Fire Prevention for Seniors and Family Caregivers

Related topics: Safety

Tips to help seniors prevent home fires

Older adults are at a greater risk for fires for several reasons. They may be less able to take the necessary quick action in a fire emergency. They may be taking medications that affect their ability to make decisions. And seniors are more likely to be alone when accidents happen.

Fires are often caused by forgetfulness. A pan of food is left cooking on the stove. A small appliance is turned on and forgotten. A cigarette or pipe is left somewhere where it can fall and ignite a rug, chair or mattress. Because forgetfulness is one of the predictable problems older adults face, fire is a major risk to their health and safety.

Whether a senior lives in a house, apartment or senior living community, here are steps they can take to lower the risk of fire:

Practice Cooking Safety. Most kitchen fires occur when food is left unattended on the stove. If you leave the kitchen while cooking, bring a spoon or potholder along to remind you to return to the kitchen. Avoid wearing loose sleeves that could come in contact with a burner.

Install Smoke Alarms. Be sure you have a working smoke alarm on every level of the home, outside sleeping areas and inside bedrooms. Replace the battery annually—perhaps while resetting clocks for Daylight Savings Time. And test all alarms once a month.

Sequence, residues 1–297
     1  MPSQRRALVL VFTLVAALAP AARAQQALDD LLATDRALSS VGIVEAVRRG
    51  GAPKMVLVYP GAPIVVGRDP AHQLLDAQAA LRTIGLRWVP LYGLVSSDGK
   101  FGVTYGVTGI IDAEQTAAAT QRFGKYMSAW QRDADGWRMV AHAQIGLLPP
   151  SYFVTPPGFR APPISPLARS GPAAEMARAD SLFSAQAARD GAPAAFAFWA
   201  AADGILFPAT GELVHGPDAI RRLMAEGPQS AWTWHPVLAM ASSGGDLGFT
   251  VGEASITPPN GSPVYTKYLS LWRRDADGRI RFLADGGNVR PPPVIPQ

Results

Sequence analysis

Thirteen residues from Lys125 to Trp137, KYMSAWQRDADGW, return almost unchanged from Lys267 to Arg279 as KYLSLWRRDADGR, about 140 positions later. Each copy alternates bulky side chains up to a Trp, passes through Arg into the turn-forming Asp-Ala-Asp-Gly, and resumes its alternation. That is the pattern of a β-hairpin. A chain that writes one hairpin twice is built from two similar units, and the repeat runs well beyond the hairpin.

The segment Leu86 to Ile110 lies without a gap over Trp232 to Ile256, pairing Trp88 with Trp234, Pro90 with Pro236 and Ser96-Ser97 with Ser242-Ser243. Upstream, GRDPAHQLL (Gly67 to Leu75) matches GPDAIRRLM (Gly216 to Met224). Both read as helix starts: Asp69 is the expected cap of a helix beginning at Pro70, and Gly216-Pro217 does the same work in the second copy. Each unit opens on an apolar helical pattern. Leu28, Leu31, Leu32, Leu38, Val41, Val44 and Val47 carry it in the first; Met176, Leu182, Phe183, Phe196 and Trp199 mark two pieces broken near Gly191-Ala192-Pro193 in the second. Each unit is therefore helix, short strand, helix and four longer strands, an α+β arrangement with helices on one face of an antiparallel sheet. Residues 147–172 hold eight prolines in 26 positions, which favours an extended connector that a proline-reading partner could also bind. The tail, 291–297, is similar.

Practice Space Heater Safety. Buy only Underwriter's Laboratory (UL) approved heaters. Don't place electric space heaters in the bathroom or around other wet areas. Keep bedding and other combustibles away from space heaters, and don't dry or store objects on top of them.

Create a Home Escape Plan. Know at least two exits from every room. If you use a walker, wheelchair or other mobility aid, widened doorways and exit ramps add an extra margin of safety. And remember: in case of fire, exiting quickly is more important than trying to save possessions.

If You Smoke, Take Safety Precautions. Don't leave smoking materials unattended. Empty all ashtrays into the toilet or a metal container before going to bed. Never smoke in bed—and if you start to feel sleepy, extinguish smoking materials immediately.

Other tips include:

  • Place Fire Extinguishers in Kitchen and Hallways. Check them at regular intervals, and learn how to use them.
  • Store Hazardous Materials Safely. Combustible matter and flammable substances such as old paints and thinners should be removed or stored in appropriate containers. If you have questions about storing or disposing of hazardous materials, call your local fire department.
  • Check for Overloaded Outlets. See that outlets and extension cords are in good repair.
  • Have the Furnace and Fireplace Inspected Annually. Chimneys and flues should be cleaned from time to time and repaired if necessary.

According to the U.S. Fire Administration, Americans over age 65 are one of the groups at greatest of dying in a fire—and fires at home are the most common. Take steps now to keep yourself and older loved ones safe.

Learn More

For more information, visit the website of the U.S. Fire Administration, which includes the Fire Safety for Older Adults campaign. FEMA reminds seniors: "Don't let your years of memories and your life today go up in flames."

October 6 – 12 is Fire Prevention Week. Visit the website of the National Fire Protection Association to learn more. This year's theme is "Prevent Kitchen Fires," reflecting the fact that more fires start in that room than in any other part of the home.

Photos: U.S. Fire Administration